As the government battles Covid complacency and non-compliance, the Prime Minister has given the team of five million permission to self-police the rule-breakers.
The complete change of tune from the top is just one of many mixed messages in recent days.
Two things have been hammered into New Zealanders over the last year like nothing else – be kind and stick together.
Cracks in Auckland
But in just 48 hours, cracks have been appearing in Team Aotearoa after a couple of people decided to break multiple rules and Auckland was thrust into lockdown for another seven days.
“Those individuals are facing the full judgment of the nation,’’ Ms Ardern said on March 1.
In an impressive display of washing one’s hands of responsibility, the government has blamed these rule breakers for the shift to Level 3.
That is despite a lack of enforcement and sanctions for non-compliance, no compulsory Covid scanning, questions around check-ups on potential cases, and insufficient financial support for those staying home while isolating being very real contributors.
It is true that some of the cases tied up in the Valentine’s Day cluster blatantly ignored Level 3 rules, like the two mothers who went for a walk during lockdown causing further infection; but there have been signs the high-trust model has been waning and little has been done to protect against it.
So, Ms Ardern has taken non-compliance into her own hands and given the Prime Ministerial seal of approval to give family and friends a reprimand if they are breaking the rules.
It is a far cry from when masks were made mandatory at Level 2 during the August 2020 cluster, and Ms Ardern resisted giving responsibility to bus drivers to police it because of the potential backlash.
Not healthy advice
Now it is genuinely encouraged to tell people to put a mask on or to share a spare one.
Add to that the confusion over varying alert levels in different parts of the country and when one does or does not take their bubble with them.
One health expert and microbiologist used social media to tell people to take their bubble with them if they had left Auckland since the lockdown was announced, which is not official health advice at all.
In fact, if someone who normally resides in Wellington was in Auckland at the weekend they are expected to make their way home and operate under Wellington’s Level 2 rules. But this raises questions as to whether there is any consistency at all around bubbles and alert levels.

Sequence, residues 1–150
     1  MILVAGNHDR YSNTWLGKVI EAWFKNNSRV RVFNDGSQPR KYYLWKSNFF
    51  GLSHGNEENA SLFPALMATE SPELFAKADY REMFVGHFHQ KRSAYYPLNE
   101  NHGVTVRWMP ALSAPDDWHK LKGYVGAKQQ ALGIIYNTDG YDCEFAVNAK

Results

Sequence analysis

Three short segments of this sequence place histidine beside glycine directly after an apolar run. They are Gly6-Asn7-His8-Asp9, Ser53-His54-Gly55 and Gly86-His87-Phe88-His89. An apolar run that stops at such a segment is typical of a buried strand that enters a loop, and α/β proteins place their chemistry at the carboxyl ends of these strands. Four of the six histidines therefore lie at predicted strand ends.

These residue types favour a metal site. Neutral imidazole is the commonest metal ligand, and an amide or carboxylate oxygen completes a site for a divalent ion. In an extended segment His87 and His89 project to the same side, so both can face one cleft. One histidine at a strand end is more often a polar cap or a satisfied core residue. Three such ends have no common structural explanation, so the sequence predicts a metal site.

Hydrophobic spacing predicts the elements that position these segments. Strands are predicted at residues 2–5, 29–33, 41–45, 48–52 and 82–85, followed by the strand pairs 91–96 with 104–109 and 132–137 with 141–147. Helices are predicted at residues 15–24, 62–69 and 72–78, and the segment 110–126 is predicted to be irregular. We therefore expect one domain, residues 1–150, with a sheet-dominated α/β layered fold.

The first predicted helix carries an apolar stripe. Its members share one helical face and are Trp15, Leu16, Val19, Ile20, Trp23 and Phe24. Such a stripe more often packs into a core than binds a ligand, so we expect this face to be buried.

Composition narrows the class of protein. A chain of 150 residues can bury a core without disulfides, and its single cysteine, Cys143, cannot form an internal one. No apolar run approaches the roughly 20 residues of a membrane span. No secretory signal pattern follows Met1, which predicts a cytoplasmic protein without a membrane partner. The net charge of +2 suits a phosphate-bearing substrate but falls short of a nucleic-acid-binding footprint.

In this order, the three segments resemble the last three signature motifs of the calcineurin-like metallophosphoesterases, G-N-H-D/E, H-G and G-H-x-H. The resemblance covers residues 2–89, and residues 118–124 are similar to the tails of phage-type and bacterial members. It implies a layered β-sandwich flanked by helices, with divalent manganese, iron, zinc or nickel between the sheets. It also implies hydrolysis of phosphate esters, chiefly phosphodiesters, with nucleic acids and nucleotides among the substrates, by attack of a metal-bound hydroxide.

Long queues at borders
On Sunday, February 28, 2021, Aucklanders leaving weekend destinations like the Coromandel and Taupo to return to their homes for lockdown waited in checkpoint lines for up to seven hours with no food, water or toilet facilities.
It makes little sense as to how an Aucklander who was not in the Auckland region when an outbreak occurred is more of a risk than a Wellingtonian who was in Auckland during the outbreak but can freely return home and live a Level 2 life.
Confusion over waiting
Another confusion point has been whether to isolate while waiting for a test result.
Dr Bloomfield conceded that the advice had changed over time, but it is unclear exactly how many of the recent casual plus contacts – like the Papatoetoe students and their family members – were told to isolate until they got their test result and how many thought it was acceptable to return to work if they had no symptoms.
Covid-19 is constantly evolving and it is expected that rules and restrictions will tighten with the new and more transmissible strain now in New Zealand.
But much of the murkiness of late does not seem to be related to that at all.
Indecision and muddled messages are seeping into what has, for the most part, been an effective response.
Yes, there have been border breaches and lockdowns but all have been contained relatively quickly, and New Zealand has enjoyed so many freedoms in the last year that most other countries have not.
Those at the top leading the Covid response have remained unchanged, making it more difficult to grasp why so many gaps in the system are suddenly emerging.
This week is the opportunity to get the train back on the tracks – but giving neighbours a green light to call each other out isn’t the answer.
Jo Moir is Political Editor at Newsroom. The above story has been published under a Special Agreement with Newsroom.